New Zealand, 2010. 4:17 min.
Team: Ruth Elliott, Sakara Branson and Makiko Chiba.
Home is a documentary that delves into the lives of eight individuals and their experiences at the bottom of the world in Dunedin, New Zealand. People come to Dunedin each year to see it’s wonderful scenery, exotic animals but above all the experience and the people.
Home is directed and produced by the film company MRS Productions Limited. The company was formed in June 2010 and has aspirations to conquer Hollywood. Makiko Chiba, Ruth Elliott and Sakara Branson are young film makers entering the professional world of film making and are the extraordinary minds behind MRS Productions Limited.
The cast of Home includes:
and Rachel Hui from Hong Kong.
The cast were selected due to their cultural backgrounds and enthusiastic personalities.
The final project emerged from a vision to highlight Dunedin and play with the travel genre, however many ideas were discussed before the idea of Home was decided on. Originally we decided that we wanted to highlight Dunedin and create an advert for the city in the form of a mockumentary. We were inspired by the advert “Where the Bloody hell are you?” advertising Australia. This advert is short and snappy and keeps the viewers attention. This original idea played with the voice over of the ad and commented on all the great things about Dunedin such as the scenery, accommodation, weather, food and culture. Although the voice over was to be complementary of the city the imagery was to be truthful but show the negative aspects of the city. This idea was to comment on tourism advertising. After story boarding this idea we decided the idea of degrading and laughing at Dunedin was overdone and we decided we wanted to show the positive side of our amazing city. Therefore we decided to look at why people choose to come and live in Dunedin and their experiences of the country and the city. This was to be done by showing real people and the real Dunedin. The idea insured we didn’t need actors however participants for interviews would be needed.
Before filming we decided which angle we wanted to direct the interviews in and discussed and wrote questions for the interviewees. Each interviewee was told before they agreed to the film of the overall subject of the film. This was important in starting the interviews however this was a starting point and from the interviewees answers discussion evolved. As we didn’t know how each interviewee was going to respond and as we were tackling a challenging genre of documentary we were not able to storyboard. Each interview lasted for around 15 to 20 minutes although the final film is just over four minutes. From these interviewees we then shaped the documentary and tried to highlight Dunedin and the opportunities it delivers.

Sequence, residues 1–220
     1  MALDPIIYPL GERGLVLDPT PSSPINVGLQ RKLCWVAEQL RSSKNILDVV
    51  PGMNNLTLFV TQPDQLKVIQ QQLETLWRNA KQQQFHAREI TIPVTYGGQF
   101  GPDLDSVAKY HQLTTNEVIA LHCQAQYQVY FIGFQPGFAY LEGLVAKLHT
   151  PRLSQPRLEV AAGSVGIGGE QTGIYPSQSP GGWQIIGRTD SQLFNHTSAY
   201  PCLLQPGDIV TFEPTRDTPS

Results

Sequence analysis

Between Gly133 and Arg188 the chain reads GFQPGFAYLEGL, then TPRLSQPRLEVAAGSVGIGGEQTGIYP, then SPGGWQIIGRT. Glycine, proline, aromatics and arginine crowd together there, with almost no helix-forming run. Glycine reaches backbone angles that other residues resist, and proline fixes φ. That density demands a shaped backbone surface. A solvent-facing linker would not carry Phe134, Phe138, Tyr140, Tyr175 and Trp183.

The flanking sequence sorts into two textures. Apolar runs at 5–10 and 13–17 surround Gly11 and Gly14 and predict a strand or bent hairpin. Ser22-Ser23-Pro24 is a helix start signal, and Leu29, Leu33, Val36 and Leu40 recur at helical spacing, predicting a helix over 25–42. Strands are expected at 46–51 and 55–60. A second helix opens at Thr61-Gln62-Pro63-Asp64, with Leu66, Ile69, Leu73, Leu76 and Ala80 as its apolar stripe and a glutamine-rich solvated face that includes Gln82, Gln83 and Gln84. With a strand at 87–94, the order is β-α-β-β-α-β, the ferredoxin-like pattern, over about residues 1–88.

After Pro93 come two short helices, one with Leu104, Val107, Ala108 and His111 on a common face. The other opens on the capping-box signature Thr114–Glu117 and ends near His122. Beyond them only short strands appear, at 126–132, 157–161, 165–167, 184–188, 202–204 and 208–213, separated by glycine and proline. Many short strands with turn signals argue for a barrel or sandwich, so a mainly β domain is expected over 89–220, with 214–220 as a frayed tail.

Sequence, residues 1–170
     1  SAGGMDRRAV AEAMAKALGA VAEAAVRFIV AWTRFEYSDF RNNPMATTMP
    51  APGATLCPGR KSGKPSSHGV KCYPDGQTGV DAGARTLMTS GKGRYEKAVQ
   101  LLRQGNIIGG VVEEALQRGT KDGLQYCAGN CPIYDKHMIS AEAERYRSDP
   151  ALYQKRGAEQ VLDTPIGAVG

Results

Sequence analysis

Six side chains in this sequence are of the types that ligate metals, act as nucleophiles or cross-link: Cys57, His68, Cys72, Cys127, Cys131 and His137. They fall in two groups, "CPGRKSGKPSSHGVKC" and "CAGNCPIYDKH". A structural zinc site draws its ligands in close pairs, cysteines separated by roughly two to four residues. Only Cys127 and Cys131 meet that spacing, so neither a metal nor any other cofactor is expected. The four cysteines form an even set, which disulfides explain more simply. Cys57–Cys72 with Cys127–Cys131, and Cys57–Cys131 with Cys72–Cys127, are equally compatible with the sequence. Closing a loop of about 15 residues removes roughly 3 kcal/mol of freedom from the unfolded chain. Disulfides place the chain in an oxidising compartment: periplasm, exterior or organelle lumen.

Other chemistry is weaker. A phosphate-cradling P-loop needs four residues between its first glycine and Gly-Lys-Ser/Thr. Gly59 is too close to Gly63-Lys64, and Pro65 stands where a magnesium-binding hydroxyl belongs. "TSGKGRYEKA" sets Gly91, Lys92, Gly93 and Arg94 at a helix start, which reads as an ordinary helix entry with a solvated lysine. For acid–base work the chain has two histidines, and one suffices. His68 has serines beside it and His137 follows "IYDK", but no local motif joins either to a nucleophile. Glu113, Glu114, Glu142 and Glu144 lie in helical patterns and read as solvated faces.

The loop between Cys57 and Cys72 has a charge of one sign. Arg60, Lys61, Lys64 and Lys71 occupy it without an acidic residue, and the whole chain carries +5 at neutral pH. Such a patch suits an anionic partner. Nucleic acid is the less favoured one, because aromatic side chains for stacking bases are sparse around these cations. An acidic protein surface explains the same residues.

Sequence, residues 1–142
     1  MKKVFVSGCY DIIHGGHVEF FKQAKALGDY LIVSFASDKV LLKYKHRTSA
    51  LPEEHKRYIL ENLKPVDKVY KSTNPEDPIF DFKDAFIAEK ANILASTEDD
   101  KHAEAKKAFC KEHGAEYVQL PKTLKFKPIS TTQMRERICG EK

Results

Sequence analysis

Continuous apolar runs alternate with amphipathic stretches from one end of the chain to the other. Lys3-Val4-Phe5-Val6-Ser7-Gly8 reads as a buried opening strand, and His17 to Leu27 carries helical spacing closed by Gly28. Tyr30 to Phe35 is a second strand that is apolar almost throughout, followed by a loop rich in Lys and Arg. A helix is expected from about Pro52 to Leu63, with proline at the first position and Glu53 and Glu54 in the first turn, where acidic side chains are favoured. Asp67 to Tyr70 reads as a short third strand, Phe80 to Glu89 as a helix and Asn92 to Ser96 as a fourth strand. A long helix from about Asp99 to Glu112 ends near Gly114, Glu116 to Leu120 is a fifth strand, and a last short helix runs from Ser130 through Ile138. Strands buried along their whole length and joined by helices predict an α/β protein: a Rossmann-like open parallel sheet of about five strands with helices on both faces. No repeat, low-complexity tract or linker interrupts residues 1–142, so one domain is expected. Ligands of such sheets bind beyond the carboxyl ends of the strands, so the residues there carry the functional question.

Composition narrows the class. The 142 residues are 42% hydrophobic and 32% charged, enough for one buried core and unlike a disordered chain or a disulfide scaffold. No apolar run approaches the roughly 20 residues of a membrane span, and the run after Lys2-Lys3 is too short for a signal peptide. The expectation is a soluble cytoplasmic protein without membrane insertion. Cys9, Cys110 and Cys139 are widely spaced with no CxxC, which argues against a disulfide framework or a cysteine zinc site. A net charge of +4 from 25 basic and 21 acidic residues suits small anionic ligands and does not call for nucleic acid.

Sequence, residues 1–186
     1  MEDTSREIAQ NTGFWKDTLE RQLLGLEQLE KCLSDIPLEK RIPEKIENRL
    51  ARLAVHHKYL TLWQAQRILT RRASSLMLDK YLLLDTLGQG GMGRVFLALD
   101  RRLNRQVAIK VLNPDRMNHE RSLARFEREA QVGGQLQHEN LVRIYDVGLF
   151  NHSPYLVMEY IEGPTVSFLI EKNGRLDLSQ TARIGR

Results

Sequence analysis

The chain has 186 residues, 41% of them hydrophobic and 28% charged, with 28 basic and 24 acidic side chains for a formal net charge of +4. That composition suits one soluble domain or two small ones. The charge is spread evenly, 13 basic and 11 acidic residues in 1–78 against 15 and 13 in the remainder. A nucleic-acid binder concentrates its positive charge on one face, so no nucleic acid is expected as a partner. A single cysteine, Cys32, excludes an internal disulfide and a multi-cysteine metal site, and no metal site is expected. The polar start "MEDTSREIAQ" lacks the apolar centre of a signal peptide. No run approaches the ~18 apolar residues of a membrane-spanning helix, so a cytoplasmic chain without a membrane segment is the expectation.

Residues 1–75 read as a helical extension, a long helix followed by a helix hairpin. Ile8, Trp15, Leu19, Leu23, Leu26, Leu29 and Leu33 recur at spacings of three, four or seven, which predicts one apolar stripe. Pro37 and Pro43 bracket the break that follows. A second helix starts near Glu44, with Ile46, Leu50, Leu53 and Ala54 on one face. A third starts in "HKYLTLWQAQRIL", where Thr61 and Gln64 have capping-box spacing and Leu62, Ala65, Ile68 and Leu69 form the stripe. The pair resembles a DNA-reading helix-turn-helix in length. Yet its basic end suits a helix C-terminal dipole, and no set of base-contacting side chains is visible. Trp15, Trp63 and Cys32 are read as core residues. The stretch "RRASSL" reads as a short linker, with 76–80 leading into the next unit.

While filming we ran into some problems with sound. The majority of our interviews were filmed outdoors and due to cars and the hospital helicopter filming had to stop at some stages. This meant interviews took longer than expected and was difficult when interviewees were on tight schedules.
Scheduling interviews was also a problem that needed to be addressed in a professional manner. Each location needed to be selected and the microphone and camera needed to be set up. The weather was very influential in the locations of each interview.
As each interview was so long we had a lot of footage which looked into a range of subjects. An original theme in the film was homesickness in Dunedin, however we decided after filming to remove this theme from the film. This was done due to the length of the film as four minutes was not long enough to go into such a specific aspect and it also created a negative mood to a film that was meant to be lightweight and and showing the positives of Dunedin. The film was shortened to keep it interesting and fast paced. This was taken from our very first film idea.
Animation was created to introduce ideas to the audience however it was decided the use of animation and music took away from the feel and message of the film.
Attention was given to the voices and people in the film as they were seen as the most important aspect of both the film and the city.
Behind the scenes
Home’s Backyard Blooper Reel
Working on this film has been a very positive experience as the film was to show the positives of Dunedin. From this film we saw how different people in the world view Dunedin and its importance to different cultures. We feel that the purpose of our film was fulfilled as although the film touches experiences that are not always voiced it is a lighthearted film on the importance of place and fit in society. We hope Home offers a glimpse into the lives of individuals who call Dunedin home and questions how you see yourself in the world.